Foster said currently the cost of transforming a 2,000 square foot single family home constructed from the current building code to the proposed standard of "net zero ready" is about $30,000. Net zero ready is a step below the passive house in terms of efficiency.
The Canadian Home Builders association says costs to construct 'net zero ready' homes have fallen 50 per cent in the past decade. Credit: Greg Rasmussen/CBC
Foster said costs to attain the net zero ready standard have fallen 50 per cent in the last ten years.
PASSIVE HOME PIONEERS
At the West Vancouver passive house, Shawn Barr, with Naikoon Contracting, the company building the home, said few builders are certified for this type of construction.
He said far more attention to detail is needed by all the trades involved.
"If you don't have the trades, the guys you're working with, if they're not on board and all trying to strive to the same thing, it's not going to be possible. Everybody's got to care when you're building a passive house."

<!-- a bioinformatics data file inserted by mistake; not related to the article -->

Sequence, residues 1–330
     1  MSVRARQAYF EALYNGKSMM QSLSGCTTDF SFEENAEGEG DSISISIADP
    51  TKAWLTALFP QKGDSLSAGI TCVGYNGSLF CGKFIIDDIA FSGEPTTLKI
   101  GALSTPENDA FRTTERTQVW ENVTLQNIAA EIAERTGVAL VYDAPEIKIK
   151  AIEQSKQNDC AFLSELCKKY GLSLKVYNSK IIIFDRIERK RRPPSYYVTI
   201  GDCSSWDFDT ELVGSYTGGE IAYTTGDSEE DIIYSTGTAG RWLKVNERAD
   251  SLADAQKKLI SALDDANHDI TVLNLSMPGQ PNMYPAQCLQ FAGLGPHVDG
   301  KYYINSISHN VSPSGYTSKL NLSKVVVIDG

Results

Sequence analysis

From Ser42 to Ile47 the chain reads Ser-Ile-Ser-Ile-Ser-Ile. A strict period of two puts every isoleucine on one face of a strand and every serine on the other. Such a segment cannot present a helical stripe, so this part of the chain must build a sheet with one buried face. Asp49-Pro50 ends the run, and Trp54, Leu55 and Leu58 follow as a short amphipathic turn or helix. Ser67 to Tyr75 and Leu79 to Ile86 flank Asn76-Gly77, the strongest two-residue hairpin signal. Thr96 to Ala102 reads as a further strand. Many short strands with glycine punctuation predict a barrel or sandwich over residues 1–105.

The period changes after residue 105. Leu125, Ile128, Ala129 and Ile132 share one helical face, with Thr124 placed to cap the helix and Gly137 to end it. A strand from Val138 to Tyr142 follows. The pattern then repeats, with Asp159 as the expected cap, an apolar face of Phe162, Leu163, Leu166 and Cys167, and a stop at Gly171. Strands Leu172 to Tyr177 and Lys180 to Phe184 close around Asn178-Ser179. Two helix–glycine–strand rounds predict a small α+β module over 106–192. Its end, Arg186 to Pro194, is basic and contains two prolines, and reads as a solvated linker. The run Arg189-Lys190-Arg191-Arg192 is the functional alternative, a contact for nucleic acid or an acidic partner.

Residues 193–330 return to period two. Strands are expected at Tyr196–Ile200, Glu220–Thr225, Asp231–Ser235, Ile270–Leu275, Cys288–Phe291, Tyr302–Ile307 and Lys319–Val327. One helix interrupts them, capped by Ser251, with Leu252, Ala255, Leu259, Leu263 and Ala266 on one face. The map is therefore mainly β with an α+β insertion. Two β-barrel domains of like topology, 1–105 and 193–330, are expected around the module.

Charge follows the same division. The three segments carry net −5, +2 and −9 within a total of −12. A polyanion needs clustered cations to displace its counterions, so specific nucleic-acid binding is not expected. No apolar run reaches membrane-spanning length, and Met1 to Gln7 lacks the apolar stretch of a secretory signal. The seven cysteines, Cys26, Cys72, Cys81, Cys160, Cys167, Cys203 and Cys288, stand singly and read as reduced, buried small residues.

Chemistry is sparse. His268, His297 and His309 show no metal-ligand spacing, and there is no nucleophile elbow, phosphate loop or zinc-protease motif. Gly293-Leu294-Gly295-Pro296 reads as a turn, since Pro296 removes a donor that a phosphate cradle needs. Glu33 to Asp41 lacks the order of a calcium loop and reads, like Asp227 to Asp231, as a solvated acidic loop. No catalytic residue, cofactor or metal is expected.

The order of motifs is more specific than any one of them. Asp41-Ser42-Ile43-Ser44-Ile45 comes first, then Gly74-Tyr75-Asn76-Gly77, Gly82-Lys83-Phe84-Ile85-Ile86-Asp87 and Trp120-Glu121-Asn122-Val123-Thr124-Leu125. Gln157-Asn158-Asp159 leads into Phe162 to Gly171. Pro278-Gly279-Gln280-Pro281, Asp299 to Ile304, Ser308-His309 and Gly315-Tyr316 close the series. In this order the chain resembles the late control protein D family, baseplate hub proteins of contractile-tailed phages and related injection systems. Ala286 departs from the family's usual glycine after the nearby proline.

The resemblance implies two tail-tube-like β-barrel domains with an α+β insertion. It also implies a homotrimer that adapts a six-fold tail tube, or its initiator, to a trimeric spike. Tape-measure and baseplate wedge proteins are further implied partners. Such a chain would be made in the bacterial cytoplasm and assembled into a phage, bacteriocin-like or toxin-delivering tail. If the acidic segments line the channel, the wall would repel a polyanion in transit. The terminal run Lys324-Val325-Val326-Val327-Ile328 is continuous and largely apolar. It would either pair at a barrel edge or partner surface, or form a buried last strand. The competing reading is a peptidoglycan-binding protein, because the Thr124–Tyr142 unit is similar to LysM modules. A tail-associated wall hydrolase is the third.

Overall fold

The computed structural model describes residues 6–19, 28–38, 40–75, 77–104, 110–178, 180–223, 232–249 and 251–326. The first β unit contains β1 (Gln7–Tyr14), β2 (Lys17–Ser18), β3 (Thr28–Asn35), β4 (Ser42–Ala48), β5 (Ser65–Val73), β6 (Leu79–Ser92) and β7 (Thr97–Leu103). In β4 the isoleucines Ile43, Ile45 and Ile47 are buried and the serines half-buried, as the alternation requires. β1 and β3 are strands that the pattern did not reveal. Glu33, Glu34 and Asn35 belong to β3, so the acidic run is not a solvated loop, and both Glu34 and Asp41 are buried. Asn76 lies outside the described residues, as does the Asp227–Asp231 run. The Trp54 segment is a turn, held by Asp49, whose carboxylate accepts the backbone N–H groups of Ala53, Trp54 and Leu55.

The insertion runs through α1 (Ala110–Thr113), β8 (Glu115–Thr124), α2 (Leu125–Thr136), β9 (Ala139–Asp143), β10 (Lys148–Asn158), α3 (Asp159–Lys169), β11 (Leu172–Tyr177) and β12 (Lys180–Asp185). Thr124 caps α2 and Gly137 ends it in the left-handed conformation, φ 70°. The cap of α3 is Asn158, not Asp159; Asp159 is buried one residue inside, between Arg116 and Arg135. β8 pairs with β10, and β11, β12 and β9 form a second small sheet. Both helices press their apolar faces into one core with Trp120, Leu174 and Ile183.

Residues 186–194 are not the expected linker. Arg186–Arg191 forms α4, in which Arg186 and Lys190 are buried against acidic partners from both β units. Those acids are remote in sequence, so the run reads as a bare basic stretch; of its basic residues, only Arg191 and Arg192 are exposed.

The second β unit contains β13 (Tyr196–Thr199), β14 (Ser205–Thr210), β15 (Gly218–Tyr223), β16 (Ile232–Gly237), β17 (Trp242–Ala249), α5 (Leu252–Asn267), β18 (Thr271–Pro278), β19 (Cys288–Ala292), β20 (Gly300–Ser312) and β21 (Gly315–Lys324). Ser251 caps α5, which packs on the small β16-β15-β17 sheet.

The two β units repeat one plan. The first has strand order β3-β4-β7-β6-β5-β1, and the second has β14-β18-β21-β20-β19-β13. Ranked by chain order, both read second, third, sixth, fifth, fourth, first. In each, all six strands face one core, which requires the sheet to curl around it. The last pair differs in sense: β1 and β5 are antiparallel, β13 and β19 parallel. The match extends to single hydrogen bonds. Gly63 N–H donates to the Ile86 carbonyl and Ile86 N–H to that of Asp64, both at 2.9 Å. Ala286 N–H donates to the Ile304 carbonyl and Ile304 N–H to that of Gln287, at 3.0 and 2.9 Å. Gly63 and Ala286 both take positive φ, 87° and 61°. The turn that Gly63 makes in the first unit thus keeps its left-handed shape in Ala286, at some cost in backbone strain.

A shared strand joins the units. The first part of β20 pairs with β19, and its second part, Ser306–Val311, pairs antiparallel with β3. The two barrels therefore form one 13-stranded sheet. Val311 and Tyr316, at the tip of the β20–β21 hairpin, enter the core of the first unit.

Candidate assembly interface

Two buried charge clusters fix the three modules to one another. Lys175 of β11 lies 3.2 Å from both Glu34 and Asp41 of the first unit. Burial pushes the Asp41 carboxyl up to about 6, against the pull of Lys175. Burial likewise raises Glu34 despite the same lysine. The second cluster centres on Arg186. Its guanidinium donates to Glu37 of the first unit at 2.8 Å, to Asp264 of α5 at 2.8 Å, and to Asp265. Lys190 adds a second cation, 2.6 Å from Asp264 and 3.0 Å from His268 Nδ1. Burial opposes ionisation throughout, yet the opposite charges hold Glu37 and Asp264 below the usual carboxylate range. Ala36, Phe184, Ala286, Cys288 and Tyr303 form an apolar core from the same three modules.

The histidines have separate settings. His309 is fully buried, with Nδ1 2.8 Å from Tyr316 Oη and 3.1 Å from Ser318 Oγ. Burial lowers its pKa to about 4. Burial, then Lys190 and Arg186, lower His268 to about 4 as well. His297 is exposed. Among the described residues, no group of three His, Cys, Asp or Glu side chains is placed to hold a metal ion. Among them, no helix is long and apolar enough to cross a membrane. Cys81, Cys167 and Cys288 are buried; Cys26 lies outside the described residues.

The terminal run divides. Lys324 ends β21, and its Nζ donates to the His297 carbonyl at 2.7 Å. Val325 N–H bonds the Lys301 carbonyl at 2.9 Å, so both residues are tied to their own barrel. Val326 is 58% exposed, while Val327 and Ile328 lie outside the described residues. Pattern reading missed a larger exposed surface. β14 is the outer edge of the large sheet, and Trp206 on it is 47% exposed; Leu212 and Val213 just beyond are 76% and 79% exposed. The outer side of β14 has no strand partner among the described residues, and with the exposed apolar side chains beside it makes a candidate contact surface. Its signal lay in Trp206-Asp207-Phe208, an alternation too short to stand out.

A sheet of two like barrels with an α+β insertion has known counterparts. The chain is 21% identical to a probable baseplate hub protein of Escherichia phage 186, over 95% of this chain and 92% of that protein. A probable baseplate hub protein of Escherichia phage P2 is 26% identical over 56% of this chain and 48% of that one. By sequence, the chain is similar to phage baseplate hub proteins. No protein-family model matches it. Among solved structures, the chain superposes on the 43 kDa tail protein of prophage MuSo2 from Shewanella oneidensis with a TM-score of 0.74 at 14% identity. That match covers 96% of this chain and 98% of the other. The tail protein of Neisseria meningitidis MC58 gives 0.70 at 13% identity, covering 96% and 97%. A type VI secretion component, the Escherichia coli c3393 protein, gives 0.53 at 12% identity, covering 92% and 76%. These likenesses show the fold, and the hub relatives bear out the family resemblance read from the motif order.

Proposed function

The hope is builders in the upper end of the market will learn techniques that filter down to cheaper properties as building codes increasingly stress the need to reduce emissions.
Home owner Dean said it's partly about being a pioneer and showing others how to make better use of energy.
"Being the first it's always takes a bit longer, costs more money, but as more people start to do it i think the costs come down and it's going to be much more affordable."
This article was originally published by CBC News, and written by Greg Rasmussen.